I am a soldier

I am a soldier, and I’m proud of it. If ten years ago you had told me that one day I would be going around with my head shaved, and wearing a uniform, I would have burst out laughing. Me? A soldier!   What I liked was going out at night, drinking, dancing, and especially…girls. My dream was to get by somehow without having to work too much, and some day find a woman who would support me.

But one afternoon a patrol came to my little neighborhood bar looking for recruits. They roped me in, taking advantage of the fact that I was half drunk and not thinking straight. They marched me off to the barracks, asked for my papers, and decided I was due for military service. They shaved my head, took my civilian clothes, and stuck me into a khaki uniform. The drill instructors gave me so many kicks in the ass during training that my behind has been red ever since. But I got through it, and before I knew it I was beginning to like the Army. The discipline, the organization, the security, all that. The senior officer of my section told me, “You have the makings of a soldier.” And I do, because besides knowing how to obey, I also know how to command, and I’m the best marksman in our unit. That’s why they made me a corporal, and in the normal course of events I will soon make sergeant, and I won’t stop until I’m a sergeant major.

In the short time I’ve been in the army, I’ve already been in three revolutions, which is a real kick. When there’s a revolution, the food gets better and we get bonus pay. And there’s a lot of excitement and speculation in the barracks, trying to guess who will end up as President. Because if it’s the general, the commander of our regiment, we—by that I mean my battalion, my company—we’ll get a real boost. The best thing that could happen would be to be picked for the presidential guard, the ones who guard the Palacio de Gobierno. Now that’s a good life. You eat like a king, and no girl can resist you.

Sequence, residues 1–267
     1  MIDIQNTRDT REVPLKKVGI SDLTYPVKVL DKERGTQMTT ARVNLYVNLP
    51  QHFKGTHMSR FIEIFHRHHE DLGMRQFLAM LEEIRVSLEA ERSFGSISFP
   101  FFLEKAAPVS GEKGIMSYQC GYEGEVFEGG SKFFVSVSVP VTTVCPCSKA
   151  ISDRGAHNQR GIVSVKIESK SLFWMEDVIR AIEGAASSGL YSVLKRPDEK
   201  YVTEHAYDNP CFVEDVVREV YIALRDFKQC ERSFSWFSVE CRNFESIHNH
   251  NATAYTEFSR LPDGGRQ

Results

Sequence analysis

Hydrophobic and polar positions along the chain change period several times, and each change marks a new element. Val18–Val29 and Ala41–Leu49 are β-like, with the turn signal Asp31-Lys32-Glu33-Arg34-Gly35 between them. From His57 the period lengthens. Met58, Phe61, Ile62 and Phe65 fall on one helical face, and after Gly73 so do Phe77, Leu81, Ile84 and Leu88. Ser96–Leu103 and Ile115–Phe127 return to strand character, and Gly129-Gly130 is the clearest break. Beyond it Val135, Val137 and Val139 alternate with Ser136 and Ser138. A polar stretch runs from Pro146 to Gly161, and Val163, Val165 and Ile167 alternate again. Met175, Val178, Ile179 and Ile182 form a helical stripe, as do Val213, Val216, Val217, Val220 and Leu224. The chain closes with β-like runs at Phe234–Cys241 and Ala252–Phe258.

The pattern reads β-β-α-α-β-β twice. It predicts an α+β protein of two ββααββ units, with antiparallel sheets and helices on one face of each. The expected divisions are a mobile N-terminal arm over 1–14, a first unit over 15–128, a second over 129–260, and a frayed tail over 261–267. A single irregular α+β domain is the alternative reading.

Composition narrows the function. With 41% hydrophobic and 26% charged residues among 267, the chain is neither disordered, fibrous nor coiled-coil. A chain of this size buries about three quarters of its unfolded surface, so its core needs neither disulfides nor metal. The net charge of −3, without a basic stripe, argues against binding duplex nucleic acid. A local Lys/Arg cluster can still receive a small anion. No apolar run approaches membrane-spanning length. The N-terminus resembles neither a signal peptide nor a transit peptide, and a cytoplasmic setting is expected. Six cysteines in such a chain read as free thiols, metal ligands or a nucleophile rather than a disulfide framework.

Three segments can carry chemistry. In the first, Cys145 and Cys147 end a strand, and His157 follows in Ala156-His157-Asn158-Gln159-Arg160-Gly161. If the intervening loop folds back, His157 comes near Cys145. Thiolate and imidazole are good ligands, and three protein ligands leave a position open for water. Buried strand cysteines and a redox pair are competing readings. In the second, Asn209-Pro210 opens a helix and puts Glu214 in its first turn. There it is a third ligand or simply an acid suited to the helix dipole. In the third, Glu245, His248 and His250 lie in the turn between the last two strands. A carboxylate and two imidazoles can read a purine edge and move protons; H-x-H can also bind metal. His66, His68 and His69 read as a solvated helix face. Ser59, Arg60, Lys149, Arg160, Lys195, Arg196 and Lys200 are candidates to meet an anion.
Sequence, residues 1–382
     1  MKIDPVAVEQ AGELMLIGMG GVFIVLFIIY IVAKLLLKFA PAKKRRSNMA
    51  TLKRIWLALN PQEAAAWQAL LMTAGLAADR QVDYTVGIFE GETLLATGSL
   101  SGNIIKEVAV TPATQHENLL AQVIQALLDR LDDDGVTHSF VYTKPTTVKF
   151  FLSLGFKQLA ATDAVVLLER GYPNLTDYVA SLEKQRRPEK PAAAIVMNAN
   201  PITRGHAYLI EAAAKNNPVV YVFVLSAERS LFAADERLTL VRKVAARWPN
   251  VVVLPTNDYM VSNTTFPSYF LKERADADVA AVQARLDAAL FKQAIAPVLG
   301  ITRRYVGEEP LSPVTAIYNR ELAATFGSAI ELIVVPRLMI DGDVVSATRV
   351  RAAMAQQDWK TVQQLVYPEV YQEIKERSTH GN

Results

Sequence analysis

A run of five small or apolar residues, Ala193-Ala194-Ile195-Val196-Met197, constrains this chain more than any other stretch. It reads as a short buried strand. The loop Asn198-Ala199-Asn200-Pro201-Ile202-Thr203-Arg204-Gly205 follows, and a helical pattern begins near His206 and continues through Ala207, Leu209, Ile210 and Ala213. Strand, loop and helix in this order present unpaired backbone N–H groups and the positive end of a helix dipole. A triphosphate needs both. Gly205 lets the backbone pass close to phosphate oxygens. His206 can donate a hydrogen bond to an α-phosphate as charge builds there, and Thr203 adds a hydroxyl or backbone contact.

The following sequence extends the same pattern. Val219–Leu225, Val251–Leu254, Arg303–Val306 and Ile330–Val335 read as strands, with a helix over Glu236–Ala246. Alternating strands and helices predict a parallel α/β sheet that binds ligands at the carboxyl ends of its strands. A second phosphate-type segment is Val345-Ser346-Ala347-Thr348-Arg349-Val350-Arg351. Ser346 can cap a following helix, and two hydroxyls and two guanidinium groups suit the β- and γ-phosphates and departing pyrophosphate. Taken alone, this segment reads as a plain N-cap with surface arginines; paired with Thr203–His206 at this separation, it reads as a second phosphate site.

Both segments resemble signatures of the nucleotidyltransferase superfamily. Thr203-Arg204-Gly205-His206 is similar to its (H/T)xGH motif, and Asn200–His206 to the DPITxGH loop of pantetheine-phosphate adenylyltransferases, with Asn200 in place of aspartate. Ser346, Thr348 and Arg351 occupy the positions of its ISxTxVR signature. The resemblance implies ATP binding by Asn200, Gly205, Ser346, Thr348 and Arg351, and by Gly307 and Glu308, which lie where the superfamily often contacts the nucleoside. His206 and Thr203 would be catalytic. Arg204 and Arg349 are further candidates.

On the other hand, this acting as escort for the Christ during the Holy Week procession has its drawbacks. Me, for example, the smell of the incense makes me sneeze, and there are priests and nuns burning incense all along the route. I have to hold back the sneeze—a soldier sneezing when he’s part of the honor guard makes a bad impression—but sometimes I can’t help it, I have to let go. Even worse, by the time it gets dark and people start getting wound up, it isn’t as easy to hold back all the pious old ladies who want to break through the rope barricades and touch the platform that holds the Christ, throw flowers to Him and ask for favors. The worst of all are the nuns, who push and scream like hysterical teenagers. And you have to be nice to them, because we’re in a religious procession, not a political rally or a strike, where we’re allowed to use our night sticks, and even in extreme cases shoot. I’ve come out of more than one procession pinched and clawed by those witches. I can tell you.